New Delhi, Nov 25, 2017 : The Supreme Court today agreed to wait and see if the President gave his assent to a law allowing Kambala -- an annual buffalo race traditionally held in coastal Karnataka - before deciding on a plea to put it on hold this year.
The petitioner was animal welfare group PETA, or People For Ethical Treatment of Animals, which had earlier approached the Karnataka High Court, alleging that Kambala involves cruelty to the animals.
After the high court agreed and banned the sport, the state government had passed an ordinance or executive order, to allow it from November this year to March. A bill was also passed by the state assembly to make the sport legal.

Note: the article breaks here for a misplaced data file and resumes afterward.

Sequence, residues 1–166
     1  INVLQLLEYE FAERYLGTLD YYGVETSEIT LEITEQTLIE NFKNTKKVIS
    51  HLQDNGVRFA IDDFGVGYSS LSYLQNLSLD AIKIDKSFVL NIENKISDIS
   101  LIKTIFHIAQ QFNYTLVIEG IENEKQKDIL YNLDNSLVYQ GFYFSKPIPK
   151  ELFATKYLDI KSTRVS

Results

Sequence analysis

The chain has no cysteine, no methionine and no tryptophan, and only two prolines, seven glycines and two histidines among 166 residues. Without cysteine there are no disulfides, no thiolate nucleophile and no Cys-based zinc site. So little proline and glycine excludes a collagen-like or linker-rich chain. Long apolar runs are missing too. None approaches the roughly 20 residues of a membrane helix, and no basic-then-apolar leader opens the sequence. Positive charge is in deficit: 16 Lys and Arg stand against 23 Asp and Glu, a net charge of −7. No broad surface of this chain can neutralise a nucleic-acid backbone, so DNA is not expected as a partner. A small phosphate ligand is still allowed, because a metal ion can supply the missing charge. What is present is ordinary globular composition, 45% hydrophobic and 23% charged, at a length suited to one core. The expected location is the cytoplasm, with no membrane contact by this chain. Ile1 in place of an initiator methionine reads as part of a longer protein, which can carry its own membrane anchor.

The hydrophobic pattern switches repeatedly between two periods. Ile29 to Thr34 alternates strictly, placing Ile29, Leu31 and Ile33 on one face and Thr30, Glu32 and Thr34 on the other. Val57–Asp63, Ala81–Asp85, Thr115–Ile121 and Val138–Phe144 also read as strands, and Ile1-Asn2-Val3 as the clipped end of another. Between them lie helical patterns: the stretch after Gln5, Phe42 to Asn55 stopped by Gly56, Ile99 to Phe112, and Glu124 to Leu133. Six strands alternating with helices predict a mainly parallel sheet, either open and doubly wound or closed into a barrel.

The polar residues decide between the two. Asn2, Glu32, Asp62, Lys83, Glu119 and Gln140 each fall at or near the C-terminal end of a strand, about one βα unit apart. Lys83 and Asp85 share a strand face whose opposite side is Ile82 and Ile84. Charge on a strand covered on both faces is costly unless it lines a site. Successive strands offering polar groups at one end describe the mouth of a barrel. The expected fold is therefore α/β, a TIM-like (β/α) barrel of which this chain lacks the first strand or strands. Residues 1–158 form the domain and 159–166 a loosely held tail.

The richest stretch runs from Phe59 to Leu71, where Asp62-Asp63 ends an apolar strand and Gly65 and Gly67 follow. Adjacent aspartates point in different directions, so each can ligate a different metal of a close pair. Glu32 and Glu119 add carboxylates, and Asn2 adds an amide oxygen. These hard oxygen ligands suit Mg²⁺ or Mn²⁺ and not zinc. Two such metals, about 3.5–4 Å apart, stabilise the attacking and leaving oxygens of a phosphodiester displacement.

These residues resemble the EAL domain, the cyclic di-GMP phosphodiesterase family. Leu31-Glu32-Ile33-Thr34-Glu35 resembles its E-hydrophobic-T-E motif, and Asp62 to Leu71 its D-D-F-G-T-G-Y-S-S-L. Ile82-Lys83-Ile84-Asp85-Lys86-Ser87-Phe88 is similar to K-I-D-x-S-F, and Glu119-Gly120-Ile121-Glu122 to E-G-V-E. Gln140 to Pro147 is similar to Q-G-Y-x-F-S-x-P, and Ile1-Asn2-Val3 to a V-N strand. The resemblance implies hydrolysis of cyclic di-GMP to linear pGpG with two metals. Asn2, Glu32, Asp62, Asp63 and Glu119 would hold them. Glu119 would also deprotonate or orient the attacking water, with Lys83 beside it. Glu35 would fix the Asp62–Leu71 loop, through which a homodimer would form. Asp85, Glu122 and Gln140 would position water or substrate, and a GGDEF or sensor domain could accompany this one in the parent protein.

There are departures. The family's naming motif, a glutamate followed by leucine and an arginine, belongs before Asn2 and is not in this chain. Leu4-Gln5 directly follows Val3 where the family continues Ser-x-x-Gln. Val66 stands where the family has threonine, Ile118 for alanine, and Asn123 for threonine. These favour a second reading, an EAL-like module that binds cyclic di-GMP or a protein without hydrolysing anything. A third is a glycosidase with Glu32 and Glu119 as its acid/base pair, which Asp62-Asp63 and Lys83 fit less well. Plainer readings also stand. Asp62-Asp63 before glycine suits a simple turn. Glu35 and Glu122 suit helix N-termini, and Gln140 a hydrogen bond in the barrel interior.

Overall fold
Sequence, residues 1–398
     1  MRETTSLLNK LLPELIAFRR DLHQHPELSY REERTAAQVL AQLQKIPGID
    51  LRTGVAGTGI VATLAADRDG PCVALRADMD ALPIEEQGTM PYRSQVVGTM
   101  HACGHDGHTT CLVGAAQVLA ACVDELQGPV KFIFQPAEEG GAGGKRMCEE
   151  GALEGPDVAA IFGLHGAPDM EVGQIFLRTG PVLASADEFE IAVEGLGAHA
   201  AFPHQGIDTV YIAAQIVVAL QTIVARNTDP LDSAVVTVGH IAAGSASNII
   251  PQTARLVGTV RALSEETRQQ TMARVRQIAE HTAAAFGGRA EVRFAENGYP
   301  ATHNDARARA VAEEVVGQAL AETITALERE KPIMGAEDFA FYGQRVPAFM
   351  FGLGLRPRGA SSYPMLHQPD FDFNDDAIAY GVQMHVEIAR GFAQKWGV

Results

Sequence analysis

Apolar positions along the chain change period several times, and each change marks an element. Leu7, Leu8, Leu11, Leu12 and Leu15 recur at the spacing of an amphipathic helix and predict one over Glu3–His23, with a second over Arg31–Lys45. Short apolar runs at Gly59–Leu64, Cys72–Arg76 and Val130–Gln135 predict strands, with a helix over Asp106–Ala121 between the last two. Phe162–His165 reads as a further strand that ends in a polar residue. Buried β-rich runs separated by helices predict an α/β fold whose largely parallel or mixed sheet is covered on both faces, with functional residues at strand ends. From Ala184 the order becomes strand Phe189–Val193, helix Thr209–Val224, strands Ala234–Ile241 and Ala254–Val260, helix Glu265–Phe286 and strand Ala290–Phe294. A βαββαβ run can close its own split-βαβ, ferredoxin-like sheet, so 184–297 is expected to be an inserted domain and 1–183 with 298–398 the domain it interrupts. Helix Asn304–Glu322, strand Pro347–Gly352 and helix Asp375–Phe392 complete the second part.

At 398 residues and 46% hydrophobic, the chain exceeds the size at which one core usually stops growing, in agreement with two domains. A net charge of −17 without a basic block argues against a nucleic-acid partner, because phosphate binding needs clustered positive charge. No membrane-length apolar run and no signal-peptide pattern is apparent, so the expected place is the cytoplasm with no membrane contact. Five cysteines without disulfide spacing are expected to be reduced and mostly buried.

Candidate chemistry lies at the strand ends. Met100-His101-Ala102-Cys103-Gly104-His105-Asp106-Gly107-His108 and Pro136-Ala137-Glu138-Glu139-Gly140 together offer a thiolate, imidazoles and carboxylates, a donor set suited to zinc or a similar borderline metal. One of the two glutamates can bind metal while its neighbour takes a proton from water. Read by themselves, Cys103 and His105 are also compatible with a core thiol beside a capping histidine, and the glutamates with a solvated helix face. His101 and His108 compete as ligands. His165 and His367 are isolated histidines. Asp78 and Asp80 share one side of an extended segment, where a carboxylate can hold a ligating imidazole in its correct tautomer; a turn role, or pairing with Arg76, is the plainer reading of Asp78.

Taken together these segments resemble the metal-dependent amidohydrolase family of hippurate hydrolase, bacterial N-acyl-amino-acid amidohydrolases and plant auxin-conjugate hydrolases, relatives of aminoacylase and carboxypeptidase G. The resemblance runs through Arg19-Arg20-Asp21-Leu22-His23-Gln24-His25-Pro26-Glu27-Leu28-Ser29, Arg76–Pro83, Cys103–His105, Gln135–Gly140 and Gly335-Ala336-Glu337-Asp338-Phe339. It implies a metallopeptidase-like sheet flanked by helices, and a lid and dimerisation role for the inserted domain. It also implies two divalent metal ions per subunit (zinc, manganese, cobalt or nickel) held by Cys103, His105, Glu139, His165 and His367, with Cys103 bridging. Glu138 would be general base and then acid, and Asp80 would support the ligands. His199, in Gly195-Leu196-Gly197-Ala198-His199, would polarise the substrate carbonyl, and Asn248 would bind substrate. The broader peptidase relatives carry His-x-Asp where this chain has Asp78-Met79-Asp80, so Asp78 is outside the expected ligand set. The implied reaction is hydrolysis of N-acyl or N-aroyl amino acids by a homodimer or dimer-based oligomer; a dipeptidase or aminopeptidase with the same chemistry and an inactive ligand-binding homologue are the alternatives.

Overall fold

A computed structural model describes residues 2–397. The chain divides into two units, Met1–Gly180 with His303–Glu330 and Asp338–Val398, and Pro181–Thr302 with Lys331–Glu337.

Today, the Karnataka government told the top court that the bill has been sent to the President for his assent. The central government has sought two weeks’ time to convey the President’s decision to the court.
In the last hearing, the court had questioned how the state could commit a "fraud on the Constitution" by using an executive order to allow "Kambala" in the state, when the bill passed by the legislature was returned by the President for reconsideration.
The bill was passed in February --- A month after neighbouring Tamil Nadu had passed a bill to allow Jallikattu, the traditional bull-taming sport that had the activists up in arms.
The High Court ban on Kambala had led to mass outrage. The traditional folk sport -- in which buffaloes are raced along a muddy stretch, usually whipped by a man running with them - is held under the auspices of local landlords.